A few weeks ago, Apple announced that it would start selling aftermarket parts so you can fix your own iPhone, in one of the biggest wins for the right to repair the move in years. Now, in a smaller, but still welcome move, Microsoft has in partnership with iFixit to sell tools designed to make repairing Surface devices easier. It’s a sign that the industry maybe, just maybe, is really listening to user feedback.
(Or these companies are just preparing to imminent pressure from governments. Either way, I’ll take it.)
Surface devices have been notoriously difficult to repair in the past. Microsoft has made some positive changes over the past few years – the original Surface Laptop scored 0/10 on the iFixit Repairability Scale, while the Surface Laptop 3 got a 5/10 – but it can still be difficult, even for enthusiasts, to deal with some repairs.
Microsoft’s partnership with iFixit will allow IFixit Pro Independent Repairers, Microsoft Authorized Service Providers, Microsoft Experience Centers, and Microsoft Business Customers can purchase repair tools at iFixit.com. In other words, it’s not for ordinary users, but it’s better than nothing.
These tools are designed by Microsoft and built by iFixit, and so far include three tools (plus accessories) that make it easier for repairers to peel and re-bond adhesive for certain surface models while minimizing potential errors. As stated by iFixit:
“One of the most difficult aspects of the Surface line repair is to work successfully with adhesive. The adhesive must be loosened precisely without damaging other components. When reassembling, obtaining a strong bond requires precise application of force. While not required for a DIY repair, these new tools are designed to prevent damage and will help technicians perform a high volume of repairs, as well as improve accuracy and match grip. at the plant level.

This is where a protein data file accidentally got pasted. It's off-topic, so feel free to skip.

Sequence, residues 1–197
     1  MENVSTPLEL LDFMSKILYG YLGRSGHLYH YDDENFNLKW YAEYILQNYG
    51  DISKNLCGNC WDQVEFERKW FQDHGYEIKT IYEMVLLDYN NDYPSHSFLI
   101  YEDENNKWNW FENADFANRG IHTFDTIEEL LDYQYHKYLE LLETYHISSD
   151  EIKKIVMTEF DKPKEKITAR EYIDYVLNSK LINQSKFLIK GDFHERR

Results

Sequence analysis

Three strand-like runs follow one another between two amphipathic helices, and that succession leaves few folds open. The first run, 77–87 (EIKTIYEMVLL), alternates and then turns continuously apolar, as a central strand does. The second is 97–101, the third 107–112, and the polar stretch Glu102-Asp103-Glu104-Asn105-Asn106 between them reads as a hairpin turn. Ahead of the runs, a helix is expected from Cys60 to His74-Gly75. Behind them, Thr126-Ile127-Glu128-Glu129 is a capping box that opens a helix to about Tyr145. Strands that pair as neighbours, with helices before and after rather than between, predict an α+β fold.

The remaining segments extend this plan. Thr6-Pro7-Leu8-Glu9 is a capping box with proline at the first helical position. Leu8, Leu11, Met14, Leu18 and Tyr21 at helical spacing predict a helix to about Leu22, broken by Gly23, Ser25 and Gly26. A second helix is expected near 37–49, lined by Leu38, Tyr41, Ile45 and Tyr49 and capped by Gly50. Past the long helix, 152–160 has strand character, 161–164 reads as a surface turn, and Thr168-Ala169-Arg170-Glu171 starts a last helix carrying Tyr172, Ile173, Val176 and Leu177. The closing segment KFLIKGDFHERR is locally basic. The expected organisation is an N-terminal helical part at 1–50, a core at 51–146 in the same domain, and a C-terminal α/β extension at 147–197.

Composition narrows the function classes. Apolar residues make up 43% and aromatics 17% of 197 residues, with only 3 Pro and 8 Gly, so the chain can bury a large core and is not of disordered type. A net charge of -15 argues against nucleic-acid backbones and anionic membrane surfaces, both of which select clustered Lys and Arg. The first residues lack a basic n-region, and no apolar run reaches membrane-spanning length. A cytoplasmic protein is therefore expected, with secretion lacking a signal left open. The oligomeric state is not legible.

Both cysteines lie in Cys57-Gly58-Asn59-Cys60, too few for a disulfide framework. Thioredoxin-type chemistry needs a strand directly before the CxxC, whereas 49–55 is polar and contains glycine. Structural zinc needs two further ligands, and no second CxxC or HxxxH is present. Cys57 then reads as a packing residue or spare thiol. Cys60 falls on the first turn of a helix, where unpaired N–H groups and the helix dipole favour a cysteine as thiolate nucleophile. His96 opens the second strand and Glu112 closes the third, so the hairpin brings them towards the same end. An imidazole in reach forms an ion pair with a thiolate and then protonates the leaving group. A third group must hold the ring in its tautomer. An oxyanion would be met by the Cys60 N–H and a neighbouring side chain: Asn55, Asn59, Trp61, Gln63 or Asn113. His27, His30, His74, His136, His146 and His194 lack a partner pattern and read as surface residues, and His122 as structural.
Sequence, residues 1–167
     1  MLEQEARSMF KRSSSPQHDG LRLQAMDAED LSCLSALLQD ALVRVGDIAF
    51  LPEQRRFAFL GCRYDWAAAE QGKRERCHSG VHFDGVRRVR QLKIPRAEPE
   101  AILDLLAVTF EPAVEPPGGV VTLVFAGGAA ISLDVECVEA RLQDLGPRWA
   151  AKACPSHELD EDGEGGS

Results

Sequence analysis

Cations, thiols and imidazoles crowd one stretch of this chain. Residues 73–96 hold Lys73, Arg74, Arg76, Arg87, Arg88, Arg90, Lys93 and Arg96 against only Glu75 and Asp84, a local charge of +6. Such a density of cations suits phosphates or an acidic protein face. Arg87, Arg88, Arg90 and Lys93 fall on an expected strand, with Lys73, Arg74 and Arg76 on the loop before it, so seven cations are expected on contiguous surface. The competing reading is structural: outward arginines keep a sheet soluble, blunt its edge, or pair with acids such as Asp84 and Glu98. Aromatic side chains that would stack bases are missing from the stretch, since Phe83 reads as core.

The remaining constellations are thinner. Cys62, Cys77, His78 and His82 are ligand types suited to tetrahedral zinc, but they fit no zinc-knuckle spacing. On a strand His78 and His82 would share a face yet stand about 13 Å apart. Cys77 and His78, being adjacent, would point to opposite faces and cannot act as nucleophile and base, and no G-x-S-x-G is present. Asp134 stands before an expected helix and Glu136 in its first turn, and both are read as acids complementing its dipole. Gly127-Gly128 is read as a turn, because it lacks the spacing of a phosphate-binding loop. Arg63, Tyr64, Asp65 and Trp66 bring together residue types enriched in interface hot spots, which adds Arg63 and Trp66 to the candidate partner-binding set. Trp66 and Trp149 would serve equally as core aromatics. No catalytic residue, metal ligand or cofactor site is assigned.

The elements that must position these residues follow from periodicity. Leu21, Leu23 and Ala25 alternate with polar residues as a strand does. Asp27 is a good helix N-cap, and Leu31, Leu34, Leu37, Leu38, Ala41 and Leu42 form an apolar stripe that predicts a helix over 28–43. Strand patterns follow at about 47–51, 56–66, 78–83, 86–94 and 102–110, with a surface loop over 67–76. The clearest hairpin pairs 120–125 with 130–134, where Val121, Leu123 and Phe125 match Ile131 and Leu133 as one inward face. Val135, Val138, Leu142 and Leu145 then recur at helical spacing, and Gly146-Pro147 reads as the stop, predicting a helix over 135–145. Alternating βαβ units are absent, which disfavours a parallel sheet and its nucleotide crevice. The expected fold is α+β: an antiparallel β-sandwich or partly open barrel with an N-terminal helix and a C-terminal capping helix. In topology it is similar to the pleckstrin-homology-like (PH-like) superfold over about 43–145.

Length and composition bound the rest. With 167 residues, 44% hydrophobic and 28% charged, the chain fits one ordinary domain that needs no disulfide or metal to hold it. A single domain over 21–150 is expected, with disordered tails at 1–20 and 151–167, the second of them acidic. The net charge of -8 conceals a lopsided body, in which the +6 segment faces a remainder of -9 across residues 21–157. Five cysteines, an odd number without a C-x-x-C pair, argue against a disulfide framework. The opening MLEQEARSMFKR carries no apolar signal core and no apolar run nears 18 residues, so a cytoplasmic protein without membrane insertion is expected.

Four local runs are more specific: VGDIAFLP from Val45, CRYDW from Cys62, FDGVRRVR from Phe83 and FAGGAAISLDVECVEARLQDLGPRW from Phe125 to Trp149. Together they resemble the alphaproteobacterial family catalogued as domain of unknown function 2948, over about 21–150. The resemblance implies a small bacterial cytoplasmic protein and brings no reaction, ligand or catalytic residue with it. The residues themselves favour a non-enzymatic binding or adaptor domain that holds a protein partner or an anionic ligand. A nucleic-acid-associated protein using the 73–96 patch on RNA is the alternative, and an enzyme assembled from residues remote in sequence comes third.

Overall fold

iFixit also says it’s working on new repair manuals for Surface devices, although it’s not clear if Microsoft is helping with this part. Other repair tools are also in the works.
Let’s be clear: these aren’t repairs your average Surface buyer will want to do; these tools are primarily intended for small repair shops and the like. Still, if their availability and Microsoft’s blessing at least mean that it’ll be easier to find a repair shop that might be able to fix your Surface device rather than having to send it all back to Microsoft.
It’s a small step towards a future where everyone has more choices on how to fix their own devices. True, the ultimate goal is for devices to be designed with repairability in mind – or at the very least, for companies to provide full access to repair tools and guides. Microsoft still has a long way to go.
But for now, recent changes from Microsoft (and Apple) show that the tech industry may be at an inflection point when it comes to the right to repair. At the very least, the changes of these giants, however small, are likely to encourage other manufacturers to do the same. A man can hope anyhow.